Employers are trying new initiatives – but is it enough?
67% of STEM professionals want to work for an employer or client who is offering mental health support (Figure 5). It also means a third of respondents don’t consider mental health support important. This could indicate how little is known about good mental health or the innovative wellbeing initiatives that companies are able to introduce. Businesses need to think carefully about how they communicate both the benefits of, and accessibility to, mental health support.
‘Workforce burnout / increasing work related stress’ is ranked the top challenge likely to affect careers, with 15% of STEM professionals worried about it. Therefore, companies must understand causes of burnout to mitigate chronic stress on their workforce before they think about additional ‘softer’ wellbeing benefits.
As Martin Dewhurst, senior partner and co-leader of the McKinsey Health Institute (MHI), says:
"If core factors in the workplace are not right, you can’t yoga your way to creating employee health."
STEM professionals feel that they are being listened to, but fewer think their employer or client has introduced new health and wellbeing initiatives (Figure 6). Businesses must understand the needs of their workforce and consider how to curate a better environment for all, because our data outlines the importance of wellbeing should not be underestimated.
‘How the STEM World Evolves’ highlights the importance that STEM professionals place on wellbeing in today’s working world. The satisfaction of employees depends strongly on their individual work and life situation. To attract and retain talent, employers must educate their workforces around the value and importance of physical and mental health and deliver initiatives to support wellbeing. Concerns and problems are individual in nature, so the support employers offer must be considered in the same way. There is no standard one-size-fits-all solution, but taking a first step is always better than inaction.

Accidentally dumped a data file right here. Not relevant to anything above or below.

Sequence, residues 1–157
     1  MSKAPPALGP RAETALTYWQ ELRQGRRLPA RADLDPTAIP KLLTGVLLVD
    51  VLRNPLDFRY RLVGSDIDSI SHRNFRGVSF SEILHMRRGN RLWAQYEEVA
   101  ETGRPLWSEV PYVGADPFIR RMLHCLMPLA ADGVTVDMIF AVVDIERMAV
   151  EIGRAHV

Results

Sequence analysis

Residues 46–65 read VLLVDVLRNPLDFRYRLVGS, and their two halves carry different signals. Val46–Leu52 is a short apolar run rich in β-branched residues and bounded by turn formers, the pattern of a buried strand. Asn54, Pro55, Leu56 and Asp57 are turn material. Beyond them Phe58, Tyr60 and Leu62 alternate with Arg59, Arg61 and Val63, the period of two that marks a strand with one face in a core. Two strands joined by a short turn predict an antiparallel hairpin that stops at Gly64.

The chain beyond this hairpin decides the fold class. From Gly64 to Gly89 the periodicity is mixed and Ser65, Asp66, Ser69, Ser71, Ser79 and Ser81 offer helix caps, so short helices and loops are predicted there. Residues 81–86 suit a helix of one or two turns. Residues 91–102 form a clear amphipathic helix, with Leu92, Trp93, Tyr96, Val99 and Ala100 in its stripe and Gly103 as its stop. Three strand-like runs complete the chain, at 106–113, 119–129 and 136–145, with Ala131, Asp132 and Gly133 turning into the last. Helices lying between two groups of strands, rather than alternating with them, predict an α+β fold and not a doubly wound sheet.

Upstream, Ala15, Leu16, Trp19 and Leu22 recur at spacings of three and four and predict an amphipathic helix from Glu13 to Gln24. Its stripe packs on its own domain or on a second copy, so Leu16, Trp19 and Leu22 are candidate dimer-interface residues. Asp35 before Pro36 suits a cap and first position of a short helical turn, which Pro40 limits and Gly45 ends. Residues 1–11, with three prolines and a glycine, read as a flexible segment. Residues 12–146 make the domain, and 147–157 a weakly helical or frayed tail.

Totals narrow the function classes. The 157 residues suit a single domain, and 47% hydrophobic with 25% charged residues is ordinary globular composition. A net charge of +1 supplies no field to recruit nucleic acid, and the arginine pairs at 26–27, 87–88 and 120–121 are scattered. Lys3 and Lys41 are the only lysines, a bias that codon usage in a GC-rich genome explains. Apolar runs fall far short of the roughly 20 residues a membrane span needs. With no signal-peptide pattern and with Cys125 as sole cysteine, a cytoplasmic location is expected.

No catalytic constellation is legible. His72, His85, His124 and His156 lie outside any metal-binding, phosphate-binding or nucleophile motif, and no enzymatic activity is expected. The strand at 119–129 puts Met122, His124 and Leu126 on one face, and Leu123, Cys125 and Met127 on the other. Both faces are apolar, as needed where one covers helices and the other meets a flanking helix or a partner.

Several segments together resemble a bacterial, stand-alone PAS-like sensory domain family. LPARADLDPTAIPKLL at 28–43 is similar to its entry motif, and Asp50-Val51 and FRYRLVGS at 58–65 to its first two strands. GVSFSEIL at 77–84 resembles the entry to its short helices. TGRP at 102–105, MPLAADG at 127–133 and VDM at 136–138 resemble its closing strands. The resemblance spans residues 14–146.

Dive deeper into How the STEM World Evolves
Uncover how the STEM world is changing in our new study How the STEM World Evolves! Discover:
- How important security is to STEM professionals
- What STEM professionals want from their role
- How purpose is influencing careers
- How attitudes to wellbeing are evolving
- What impact the ageing population will have on employees
- Whether attitudes to AI and Automation are changing
Discover the other sections in our study
STEM professionals value career security over a pay rise
In today’s economic climate, labour market shifts and megatrends are revolutionising the working world and influencing professionals' needs.
STEM professionals want more from their roles than employers are offering
Apart from attractive salary rates and benefits, candidates continue to want flexibility. But how that looks has changed.
Purpose is the key driver in STEM professionals’ careers
Purpose at work has become more important, and intrinsic personal purpose far outweighs organisational extrinsic purpose.
Over a third of STEM professionals are worried about losing their jobs to AI and automation
How can businesses help STEM professionals create a role-relevant partnership with AI, rather than be automated out of a job?
Employers are focusing on the wrong demographic to get the most from the ageing workforce
A generational phenomenon, underpinned by increased life expectancy and decreasing birth rates, is sweeping across global markets.
Summary of findings
Dive into the attitudes and expectations of STEM professionals as they try and make sense of our rapidly changing working environment.